“The next day, someone repainted it white but, the day after that, it was painted red, white and blue again. It was afterwards that all the trouble started.”
Mr Nolan said that, as well as smashing the windows of his home, loyalists loosened the wheel bolts on his car.
“Perhaps the most sinister thing was that a car came in cruising around the area one night before sitting across the street from my house.
“When I went out into the darkened hall, I heard them shouting something about ‘fenians’ before speeding off.”
The Parades Commission will rule before the end of the week on whether the Stoneyford march can go ahead as planned.
Several other controversial parades are planned for the village during the summer.
In 1999, Stoneyford featured heavily in the news when intelligence documents on 300 nationalists were found in the local Orange Hall.
Republicans claimed that the documents were being used by the Orange Volunteers and had been leaked to the group by the RUC.






Ahern sidesteps inquiry call

Daily Ireland

By Jarlath Kearney
j.kearney@dailyireland.com

Foreign minister Dermot Ahern yesterday declined to support the campaign for a full independent inquiry into the 1991 murder of Donegal councillor Eddie Fullerton.
The Sinn Féin councillor was assassinated by loyalist paramilitaries.
His case has raised serious questions about collusion and cover-up by authorities on both sides of the Border.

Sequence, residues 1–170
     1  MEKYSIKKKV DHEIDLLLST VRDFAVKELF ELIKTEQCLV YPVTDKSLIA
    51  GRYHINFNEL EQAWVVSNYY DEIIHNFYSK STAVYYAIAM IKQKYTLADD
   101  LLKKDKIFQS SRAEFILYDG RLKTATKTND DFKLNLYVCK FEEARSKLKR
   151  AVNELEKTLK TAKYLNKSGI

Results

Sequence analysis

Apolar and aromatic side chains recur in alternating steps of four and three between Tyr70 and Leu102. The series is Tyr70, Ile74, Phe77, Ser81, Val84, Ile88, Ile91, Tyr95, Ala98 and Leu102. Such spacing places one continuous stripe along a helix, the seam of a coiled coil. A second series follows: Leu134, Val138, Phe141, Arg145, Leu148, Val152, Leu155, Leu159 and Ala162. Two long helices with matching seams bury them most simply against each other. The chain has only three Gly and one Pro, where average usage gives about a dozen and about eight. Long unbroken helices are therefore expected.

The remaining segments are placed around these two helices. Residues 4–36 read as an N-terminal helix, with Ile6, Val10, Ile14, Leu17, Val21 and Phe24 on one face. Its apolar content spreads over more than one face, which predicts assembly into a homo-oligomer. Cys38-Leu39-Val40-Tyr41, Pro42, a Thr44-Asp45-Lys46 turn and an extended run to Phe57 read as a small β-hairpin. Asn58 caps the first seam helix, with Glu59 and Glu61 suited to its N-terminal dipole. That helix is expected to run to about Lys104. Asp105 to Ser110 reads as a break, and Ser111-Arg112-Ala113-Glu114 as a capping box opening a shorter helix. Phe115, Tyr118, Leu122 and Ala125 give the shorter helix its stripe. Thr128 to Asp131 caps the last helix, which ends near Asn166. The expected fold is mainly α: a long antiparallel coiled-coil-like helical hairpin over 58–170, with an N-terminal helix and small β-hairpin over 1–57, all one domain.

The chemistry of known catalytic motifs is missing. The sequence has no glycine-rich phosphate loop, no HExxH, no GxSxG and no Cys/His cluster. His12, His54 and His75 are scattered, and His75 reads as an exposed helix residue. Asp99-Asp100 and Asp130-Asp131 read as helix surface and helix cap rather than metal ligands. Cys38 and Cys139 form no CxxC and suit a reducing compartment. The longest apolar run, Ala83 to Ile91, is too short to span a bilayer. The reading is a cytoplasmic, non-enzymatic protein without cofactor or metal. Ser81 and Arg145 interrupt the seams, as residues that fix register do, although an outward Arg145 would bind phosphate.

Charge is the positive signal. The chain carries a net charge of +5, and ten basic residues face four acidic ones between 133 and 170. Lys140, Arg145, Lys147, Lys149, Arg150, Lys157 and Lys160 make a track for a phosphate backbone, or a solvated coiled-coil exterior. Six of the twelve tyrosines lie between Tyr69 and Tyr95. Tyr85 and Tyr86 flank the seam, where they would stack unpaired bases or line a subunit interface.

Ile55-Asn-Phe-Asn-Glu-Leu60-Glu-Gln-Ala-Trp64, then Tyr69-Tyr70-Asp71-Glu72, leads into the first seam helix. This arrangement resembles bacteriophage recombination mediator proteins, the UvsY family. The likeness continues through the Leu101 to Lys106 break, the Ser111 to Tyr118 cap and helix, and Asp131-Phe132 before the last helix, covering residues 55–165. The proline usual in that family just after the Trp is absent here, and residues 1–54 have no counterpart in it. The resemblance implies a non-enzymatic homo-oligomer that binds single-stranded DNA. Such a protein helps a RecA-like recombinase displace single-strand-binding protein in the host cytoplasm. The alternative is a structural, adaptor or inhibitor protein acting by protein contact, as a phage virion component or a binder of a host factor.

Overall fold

Mr Ahern was speaking in Belfast yesterday during a day-long series of meetings. The minister was accompanied by senior officials. His schedule included engagements with the SDLP, the PSNI and The Irish News.
He also met representatives of the Ulster Unionist Party and of the Policing Board, as well as Police Ombudsman Nuala O’Loan.
Asked whether he supported the Fullerton family’s campaign, Mr Ahern responded: “I have heard Minister [Michael] McDowell in relation to this. If he, for one minute, believes that there is need for any investigation, he will put that in place. I would agree with Minister McDowell.”
Mr Ahern’s failure to publicly back the Fullerton family contrasts with the unanimous support of every political party on Donegal County Council in calling for a full independent inquiry.
Addressing reporters, Mr Ahern said an expected IRA statement should come as soon as possible but that the outstanding elements of the Good Friday Agreement would continue to be implemented.
“As I said previously, the sooner they [the IRA] make their decision, the better for all of us so that we can get on with real politics and bring benefit to all our peoples on both sides of the Border,” he said.
“That’s why the British and Irish governments met last Monday. That’s why I’m here today. That’s why there will be a continuation of movement right across all the areas of the Agreement that we can deal with.
“We are prepared to move forward with the British government and the other political parties in the North to bring benefit to the people of Ireland,” Mr Ahern said.
Praising the announcement of a deal on this year’s July 12 march in Derry city, Mr Ahern said the Irish government was “delighted with the decision”.
“Obviously we have to keep in very close contact with the parties on the ground.